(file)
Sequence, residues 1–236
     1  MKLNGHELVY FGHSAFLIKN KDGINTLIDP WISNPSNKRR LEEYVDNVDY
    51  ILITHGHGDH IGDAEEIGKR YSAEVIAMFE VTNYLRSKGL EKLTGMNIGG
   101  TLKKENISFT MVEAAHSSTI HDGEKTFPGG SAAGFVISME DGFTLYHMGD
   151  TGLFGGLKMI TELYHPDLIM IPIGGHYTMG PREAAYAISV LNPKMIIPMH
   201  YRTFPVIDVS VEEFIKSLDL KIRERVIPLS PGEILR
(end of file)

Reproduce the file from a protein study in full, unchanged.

Sequence, residues 1–236
     1  MKLNGHELVY FGHSAFLIKN KDGINTLIDP WISNPSNKRR LEEYVDNVDY
    51  ILITHGHGDH IGDAEEIGKR YSAEVIAMFE VTNYLRSKGL EKLTGMNIGG
   101  TLKKENISFT MVEAAHSSTI HDGEKTFPGG SAAGFVISME DGFTLYHMGD
   151  TGLFGGLKMI TELYHPDLIM IPIGGHYTMG PREAAYAISV LNPKMIIPMH
   201  YRTFPVIDVS VEEFIKSLDL KIRERVIPLS PGEILR